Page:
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  1. Crinkle420
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    Crinkle420 New Member

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    Double Meaning

    Discussion in 'Writing Prompts' started by Crinkle420, Apr 15, 2007.

    Words with double meaning can drastically change the meaning of a story, or sentence.

    Here is something I made
    --
    The famous cat burglar - once known as the famous locksmith - was practicing his new profession when the police arrived. He quickly made a bolt for the door.
    --

    Does anyone else know any cool ones?
     
  2. ItalianStallion
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    ItalianStallion Senior Member

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    .....Nope......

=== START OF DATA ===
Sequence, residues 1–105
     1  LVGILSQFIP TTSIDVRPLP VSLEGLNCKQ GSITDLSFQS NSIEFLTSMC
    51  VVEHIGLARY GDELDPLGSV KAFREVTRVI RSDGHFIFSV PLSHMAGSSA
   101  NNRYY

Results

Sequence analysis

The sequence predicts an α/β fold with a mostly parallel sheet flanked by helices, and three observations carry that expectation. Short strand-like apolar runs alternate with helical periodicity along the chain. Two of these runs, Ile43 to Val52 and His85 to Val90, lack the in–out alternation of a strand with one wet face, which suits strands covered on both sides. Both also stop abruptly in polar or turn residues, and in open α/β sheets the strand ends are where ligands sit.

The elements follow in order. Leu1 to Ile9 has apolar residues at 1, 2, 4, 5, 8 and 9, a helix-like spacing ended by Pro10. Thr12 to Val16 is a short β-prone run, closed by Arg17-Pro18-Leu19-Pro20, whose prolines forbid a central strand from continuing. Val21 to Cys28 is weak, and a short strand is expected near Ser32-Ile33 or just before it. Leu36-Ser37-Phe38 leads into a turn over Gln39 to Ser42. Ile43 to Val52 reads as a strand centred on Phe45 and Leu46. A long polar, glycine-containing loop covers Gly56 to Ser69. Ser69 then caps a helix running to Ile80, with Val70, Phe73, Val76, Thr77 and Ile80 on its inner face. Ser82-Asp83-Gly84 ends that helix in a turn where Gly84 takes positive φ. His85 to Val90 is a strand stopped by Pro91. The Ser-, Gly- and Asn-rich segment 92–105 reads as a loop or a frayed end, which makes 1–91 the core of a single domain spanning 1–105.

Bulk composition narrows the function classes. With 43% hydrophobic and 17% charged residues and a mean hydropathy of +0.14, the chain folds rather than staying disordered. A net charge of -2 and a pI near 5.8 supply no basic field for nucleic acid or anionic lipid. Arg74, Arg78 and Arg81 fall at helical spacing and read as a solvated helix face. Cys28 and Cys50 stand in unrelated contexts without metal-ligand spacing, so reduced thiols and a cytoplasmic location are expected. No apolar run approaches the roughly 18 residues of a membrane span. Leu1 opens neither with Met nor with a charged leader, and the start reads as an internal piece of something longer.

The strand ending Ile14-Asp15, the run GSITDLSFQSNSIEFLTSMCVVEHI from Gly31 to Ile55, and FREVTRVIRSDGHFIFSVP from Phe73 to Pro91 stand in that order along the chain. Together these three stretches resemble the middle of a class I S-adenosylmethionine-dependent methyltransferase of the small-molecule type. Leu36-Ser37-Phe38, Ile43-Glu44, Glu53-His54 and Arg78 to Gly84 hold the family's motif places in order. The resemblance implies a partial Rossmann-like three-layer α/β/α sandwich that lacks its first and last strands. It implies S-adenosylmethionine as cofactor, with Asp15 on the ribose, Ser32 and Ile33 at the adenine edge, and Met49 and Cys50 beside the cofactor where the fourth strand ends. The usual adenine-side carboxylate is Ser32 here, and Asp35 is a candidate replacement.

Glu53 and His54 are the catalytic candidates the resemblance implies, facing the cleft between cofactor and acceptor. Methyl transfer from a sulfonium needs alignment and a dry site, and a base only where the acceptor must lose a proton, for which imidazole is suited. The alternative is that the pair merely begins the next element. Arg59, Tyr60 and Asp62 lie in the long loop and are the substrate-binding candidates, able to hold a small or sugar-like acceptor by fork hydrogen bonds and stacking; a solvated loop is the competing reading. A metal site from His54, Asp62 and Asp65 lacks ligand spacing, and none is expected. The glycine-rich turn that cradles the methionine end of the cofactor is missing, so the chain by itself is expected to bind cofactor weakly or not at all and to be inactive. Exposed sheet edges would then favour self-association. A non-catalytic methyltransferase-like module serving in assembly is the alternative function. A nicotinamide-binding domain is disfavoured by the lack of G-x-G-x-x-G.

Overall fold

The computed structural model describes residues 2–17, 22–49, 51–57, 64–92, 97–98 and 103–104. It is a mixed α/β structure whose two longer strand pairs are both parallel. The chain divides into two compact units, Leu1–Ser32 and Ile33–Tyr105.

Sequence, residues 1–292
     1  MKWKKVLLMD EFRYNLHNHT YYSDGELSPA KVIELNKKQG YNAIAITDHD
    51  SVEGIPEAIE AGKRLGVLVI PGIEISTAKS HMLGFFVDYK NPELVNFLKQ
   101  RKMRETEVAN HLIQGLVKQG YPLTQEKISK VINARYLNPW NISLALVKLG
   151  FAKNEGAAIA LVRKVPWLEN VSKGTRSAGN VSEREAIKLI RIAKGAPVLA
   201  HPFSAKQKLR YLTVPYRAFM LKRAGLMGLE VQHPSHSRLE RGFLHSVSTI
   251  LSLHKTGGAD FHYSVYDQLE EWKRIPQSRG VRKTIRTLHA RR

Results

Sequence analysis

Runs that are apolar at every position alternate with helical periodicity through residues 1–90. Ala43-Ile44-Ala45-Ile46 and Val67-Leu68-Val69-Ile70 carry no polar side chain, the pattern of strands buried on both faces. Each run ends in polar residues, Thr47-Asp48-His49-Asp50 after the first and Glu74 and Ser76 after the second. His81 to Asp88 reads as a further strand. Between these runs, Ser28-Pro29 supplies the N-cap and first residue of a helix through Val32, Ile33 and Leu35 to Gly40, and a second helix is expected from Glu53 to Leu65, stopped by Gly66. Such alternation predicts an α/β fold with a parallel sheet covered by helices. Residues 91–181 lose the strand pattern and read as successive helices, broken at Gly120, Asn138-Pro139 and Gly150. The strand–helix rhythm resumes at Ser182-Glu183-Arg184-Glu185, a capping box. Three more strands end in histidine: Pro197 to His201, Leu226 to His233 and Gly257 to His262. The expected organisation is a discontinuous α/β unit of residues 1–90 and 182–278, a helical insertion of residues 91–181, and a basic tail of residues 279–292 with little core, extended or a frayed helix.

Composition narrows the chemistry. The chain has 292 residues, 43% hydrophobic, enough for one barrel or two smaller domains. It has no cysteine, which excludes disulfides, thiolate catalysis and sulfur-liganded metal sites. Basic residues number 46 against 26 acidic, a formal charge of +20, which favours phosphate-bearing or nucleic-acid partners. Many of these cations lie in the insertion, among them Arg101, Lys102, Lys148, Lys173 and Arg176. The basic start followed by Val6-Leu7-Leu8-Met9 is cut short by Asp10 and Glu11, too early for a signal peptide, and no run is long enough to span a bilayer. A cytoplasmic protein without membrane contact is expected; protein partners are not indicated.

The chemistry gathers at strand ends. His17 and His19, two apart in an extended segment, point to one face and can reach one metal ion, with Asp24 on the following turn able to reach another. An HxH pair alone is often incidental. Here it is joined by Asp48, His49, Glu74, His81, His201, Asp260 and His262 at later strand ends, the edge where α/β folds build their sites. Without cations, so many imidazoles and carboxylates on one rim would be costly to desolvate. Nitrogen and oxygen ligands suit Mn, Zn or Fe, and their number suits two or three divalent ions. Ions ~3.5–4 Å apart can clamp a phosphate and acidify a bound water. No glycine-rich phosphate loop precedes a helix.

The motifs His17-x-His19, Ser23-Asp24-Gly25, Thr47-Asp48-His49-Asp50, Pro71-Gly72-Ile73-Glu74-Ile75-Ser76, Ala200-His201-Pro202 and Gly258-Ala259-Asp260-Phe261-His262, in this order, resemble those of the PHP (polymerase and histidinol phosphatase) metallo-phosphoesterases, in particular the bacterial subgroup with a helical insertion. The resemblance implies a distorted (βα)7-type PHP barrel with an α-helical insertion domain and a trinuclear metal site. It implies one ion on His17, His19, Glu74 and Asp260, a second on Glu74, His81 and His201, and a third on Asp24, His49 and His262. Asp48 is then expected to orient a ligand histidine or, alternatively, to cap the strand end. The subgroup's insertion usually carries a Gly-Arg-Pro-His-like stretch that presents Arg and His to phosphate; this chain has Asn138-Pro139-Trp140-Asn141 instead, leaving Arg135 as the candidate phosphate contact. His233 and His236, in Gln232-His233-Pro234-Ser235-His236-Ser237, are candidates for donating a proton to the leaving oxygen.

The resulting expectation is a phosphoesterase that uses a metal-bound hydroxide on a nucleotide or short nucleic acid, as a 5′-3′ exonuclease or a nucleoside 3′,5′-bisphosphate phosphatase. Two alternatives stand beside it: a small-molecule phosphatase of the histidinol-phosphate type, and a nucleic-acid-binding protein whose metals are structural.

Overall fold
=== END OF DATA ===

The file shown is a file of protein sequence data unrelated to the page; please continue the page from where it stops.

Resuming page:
3. Onoria Westhrop
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    Onoria Westhrop Contributing Member

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    Double or triple meanings are all very amusing, but we now live in the culture of the "single" meaning.

    I do however remember that it used be the case that anytime I, or one of my friends said something with a second meaning, the other would say "Said the Vicar to the prositute."
    For example, stood outside a second hand furniture store looking for a table, my good friend, who we will call Mr.Y met a young girl examining an ornamental oak coat stand. In a feeble attempt to strike up conversation he asked, "So do you like a bit of wood?"
    Another friend, who we will call Mr.B said, "Said the Vicar to the prositute."
    Thus forever destroying any hope of Mr.Y getting anywhere. Double entendre's are the enemy of people like me who live with the curse of foot in mouth disease.
     
  4. Cogito
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    Cogito Former Mod, Retired Supporter Contributor

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    But double meanings are the soul of the pun. I love playing with words, and punning is an exercise in shifting semantics.

    Isaac Asimov has called the pun the highest form of humor.
     

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